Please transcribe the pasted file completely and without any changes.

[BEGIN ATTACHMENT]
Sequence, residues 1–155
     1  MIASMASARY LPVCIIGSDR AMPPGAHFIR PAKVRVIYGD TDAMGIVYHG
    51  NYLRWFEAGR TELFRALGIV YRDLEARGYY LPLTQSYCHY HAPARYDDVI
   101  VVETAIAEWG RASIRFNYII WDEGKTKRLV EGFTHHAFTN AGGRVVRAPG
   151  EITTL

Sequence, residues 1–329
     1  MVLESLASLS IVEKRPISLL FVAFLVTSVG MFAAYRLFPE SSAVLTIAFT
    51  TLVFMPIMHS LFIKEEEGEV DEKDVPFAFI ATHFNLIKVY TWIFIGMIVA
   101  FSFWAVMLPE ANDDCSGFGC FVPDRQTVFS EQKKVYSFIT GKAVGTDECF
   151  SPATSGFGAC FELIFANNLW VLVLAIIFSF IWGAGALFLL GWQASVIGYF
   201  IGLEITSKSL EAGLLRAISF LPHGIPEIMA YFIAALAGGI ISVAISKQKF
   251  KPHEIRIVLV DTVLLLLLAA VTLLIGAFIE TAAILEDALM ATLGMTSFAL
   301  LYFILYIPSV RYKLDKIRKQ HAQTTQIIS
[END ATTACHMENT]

Sequence, residues 1–155
     1  MIASMASARY LPVCIIGSDR AMPPGAHFIR PAKVRVIYGD TDAMGIVYHG
    51  NYLRWFEAGR TELFRALGIV YRDLEARGYY LPLTQSYCHY HAPARYDDVI
   101  VVETAIAEWG RASIRFNYII WDEGKTKRLV EGFTHHAFTN AGGRVVRAPG
   151  EITTL

Sequence, residues 1–329
     1  MVLESLASLS IVEKRPISLL FVAFLVTSVG MFAAYRLFPE SSAVLTIAFT
    51  TLVFMPIMHS LFIKEEEGEV DEKDVPFAFI ATHFNLIKVY TWIFIGMIVA
   101  FSFWAVMLPE ANDDCSGFGC FVPDRQTVFS EQKKVYSFIT GKAVGTDECF
   151  SPATSGFGAC FELIFANNLW VLVLAIIFSF IWGAGALFLL GWQASVIGYF
   201  IGLEITSKSL EAGLLRAISF LPHGIPEIMA YFIAALAGGI ISVAISKQKF
   251  KPHEIRIVLV DTVLLLLLAA VTLLIGAFIE TAAILEDALM ATLGMTSFAL
   301  LYFILYIPSV RYKLDKIRKQ HAQTTQIIS